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"Football and International Relations" Panel Speaker

Adam Traczyk, MA
(University of Warsaw)

Adam Traczyk studied international relations, political science, Latin American and North American studies at the University of Warsaw, the Rheinische Friedrich-Wilhelms-Universität Bonn and the Freie Universität Berlin. He wrote his Master’s thesis on the use of sport as a political tool by Latin American countries. He is working on his PhD dissertation on Cuba’s sport policies and its impact Latin American politics. In his research he focuses on soft power, Latin American studies, the use of sport in foreign policy, as well as sport as a human right. After his graduation he also started to work with the Friedrich-Ebert-Foundation in Warsaw.

Football as a Source of Soft Power: The Case of Brazil

Abstract

Since the fall of the military dictatorship in 1985 Brazil has emerged not only as a regional power but also as one of the most important international actors which may have a significant influence on global affairs. In 2001 Jim O'Neill coined an acronym BRIC to list Brazil along with Russia, India and China to describe an economic and political shift of power from the traditional G-7 states towards the developing world. However, over 10 years after O’Neill’s report, despite Brazil’s astonishing development, its foreign policy options are still limited in view of the superior hard power (economic and military) of the established great powers, as Daniel Flemes states. A possible solution to this problem is the use of soft power to overcome hard power disadvantages. Soft power is a concept developed by Joseph Nye to describe the ability to influence other actors not by military or financial force but by attraction. In the paper, I would like to analyse, using the example of Brasil, how differently football can be used as political tool to create such attraction. I would like to examine different cases from different times in Brazil’s history (the First Republic, the Getúlio Vargas' era, the military dictatorship and the New Republic) and argue that football was used by all of the above-mentioned governments as a tool to create a certain image of Brazil to present it abroad. My final remarks will also concentrate on the upcoming FIFA World Cup 2014 and the use of this mega event in Brazil’s foreign policy.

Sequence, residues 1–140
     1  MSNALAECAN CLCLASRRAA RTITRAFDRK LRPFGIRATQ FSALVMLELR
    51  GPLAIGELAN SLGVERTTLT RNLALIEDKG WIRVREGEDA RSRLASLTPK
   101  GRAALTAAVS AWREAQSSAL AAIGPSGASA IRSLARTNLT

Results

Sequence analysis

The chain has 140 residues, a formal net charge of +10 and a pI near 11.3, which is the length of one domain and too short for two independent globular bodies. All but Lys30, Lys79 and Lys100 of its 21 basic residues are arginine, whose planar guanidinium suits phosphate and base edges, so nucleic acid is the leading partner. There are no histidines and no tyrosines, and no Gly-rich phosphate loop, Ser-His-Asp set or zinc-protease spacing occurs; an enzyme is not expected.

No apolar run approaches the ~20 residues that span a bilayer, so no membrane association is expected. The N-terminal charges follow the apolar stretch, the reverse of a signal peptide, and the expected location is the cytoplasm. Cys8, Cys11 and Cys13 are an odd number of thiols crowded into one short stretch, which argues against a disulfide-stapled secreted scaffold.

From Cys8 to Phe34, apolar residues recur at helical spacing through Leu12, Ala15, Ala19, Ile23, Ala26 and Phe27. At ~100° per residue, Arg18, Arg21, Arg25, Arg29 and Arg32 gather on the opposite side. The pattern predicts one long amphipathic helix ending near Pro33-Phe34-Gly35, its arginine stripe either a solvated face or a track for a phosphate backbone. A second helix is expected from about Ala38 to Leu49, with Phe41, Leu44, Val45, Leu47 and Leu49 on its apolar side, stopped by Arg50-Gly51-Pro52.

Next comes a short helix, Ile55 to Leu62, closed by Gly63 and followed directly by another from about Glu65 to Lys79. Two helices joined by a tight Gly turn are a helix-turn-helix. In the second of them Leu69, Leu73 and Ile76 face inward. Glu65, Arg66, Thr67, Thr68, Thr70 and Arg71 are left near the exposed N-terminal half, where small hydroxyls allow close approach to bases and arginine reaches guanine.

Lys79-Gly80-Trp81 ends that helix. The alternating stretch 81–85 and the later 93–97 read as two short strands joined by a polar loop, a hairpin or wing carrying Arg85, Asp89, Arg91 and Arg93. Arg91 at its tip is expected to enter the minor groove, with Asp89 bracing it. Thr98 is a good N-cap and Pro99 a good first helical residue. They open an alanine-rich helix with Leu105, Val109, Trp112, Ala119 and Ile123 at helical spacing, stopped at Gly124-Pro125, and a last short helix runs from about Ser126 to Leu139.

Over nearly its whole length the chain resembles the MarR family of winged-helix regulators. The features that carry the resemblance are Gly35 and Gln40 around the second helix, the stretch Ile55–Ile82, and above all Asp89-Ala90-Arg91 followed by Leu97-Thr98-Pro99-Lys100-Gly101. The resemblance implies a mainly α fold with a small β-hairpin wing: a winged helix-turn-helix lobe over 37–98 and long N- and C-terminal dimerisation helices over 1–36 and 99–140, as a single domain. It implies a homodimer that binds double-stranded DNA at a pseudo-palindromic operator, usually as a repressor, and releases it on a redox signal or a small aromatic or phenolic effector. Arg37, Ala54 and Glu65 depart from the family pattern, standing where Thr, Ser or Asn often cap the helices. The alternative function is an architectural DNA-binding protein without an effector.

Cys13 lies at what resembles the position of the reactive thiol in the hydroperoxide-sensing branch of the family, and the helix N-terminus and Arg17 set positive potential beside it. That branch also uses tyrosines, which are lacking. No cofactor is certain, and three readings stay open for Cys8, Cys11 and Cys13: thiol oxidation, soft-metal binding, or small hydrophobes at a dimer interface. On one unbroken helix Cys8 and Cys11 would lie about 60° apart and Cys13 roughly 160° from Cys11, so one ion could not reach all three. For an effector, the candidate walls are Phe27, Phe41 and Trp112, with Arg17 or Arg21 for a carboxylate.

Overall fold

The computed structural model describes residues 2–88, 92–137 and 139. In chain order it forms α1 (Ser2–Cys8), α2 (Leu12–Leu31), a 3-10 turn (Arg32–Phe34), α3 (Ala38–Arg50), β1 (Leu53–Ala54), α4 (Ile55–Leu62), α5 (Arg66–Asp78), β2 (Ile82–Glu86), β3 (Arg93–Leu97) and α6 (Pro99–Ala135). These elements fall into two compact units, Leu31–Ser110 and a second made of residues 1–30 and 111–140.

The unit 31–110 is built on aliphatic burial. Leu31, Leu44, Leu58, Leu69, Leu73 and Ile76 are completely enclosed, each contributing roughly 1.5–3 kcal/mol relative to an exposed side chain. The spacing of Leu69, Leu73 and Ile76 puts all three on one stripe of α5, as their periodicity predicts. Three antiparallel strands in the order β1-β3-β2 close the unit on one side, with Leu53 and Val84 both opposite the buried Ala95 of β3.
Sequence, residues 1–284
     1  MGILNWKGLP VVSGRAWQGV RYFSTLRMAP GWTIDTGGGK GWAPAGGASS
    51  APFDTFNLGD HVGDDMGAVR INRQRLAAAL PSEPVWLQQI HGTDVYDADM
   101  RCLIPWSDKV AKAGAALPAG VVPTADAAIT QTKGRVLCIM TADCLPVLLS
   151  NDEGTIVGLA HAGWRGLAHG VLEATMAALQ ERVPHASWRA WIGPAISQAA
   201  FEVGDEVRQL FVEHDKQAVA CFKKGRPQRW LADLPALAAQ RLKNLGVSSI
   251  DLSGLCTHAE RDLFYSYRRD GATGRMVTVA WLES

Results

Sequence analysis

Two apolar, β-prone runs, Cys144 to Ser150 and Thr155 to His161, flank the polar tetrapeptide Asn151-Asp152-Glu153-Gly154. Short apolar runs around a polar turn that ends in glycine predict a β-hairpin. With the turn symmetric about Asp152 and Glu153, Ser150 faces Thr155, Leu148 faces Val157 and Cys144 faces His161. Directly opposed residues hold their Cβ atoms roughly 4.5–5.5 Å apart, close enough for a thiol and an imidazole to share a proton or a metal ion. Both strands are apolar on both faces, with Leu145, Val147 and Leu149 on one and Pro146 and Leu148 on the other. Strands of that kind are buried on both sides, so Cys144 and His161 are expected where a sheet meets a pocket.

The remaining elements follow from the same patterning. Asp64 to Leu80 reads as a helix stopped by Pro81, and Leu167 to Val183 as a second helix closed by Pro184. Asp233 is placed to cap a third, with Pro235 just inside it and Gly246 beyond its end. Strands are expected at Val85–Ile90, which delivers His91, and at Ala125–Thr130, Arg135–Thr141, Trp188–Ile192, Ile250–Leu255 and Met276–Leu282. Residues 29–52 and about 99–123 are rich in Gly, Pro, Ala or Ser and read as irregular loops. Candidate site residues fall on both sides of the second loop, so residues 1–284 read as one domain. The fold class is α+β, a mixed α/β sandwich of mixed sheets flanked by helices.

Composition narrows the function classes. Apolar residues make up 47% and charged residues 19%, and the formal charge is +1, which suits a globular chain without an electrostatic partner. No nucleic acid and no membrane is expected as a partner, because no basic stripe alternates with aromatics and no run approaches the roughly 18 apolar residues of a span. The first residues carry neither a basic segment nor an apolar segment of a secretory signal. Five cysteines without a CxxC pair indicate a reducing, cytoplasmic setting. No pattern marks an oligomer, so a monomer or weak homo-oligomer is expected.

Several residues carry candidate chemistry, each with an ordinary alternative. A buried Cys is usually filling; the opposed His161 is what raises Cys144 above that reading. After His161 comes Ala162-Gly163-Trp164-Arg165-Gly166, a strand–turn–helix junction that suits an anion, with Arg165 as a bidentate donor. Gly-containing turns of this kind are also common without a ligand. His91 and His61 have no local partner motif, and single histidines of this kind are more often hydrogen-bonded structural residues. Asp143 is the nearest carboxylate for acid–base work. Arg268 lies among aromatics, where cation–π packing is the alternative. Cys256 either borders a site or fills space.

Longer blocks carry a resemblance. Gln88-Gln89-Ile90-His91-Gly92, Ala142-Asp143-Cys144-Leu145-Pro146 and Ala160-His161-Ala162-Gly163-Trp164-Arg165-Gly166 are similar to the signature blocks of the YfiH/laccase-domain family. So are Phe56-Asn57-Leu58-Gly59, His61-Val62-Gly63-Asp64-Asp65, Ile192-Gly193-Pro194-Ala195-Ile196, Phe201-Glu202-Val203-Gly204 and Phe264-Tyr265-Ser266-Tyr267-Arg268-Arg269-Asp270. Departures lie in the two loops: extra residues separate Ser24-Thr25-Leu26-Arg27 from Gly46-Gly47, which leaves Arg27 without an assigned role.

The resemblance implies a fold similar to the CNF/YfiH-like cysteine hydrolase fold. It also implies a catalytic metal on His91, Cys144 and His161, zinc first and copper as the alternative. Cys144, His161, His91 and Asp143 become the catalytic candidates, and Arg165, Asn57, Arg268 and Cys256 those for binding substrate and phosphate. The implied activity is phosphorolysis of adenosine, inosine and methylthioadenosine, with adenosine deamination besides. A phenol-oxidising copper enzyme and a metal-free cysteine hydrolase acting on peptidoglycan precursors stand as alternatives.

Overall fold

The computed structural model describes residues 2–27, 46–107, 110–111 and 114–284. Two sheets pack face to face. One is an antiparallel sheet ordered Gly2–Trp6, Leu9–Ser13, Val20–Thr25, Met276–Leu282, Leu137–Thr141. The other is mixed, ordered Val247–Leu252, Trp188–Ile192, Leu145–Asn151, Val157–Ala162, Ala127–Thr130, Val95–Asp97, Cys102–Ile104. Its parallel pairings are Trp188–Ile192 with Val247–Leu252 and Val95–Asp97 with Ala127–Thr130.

Presentation

Football as a Source of Soft Power: The Case of Brazil

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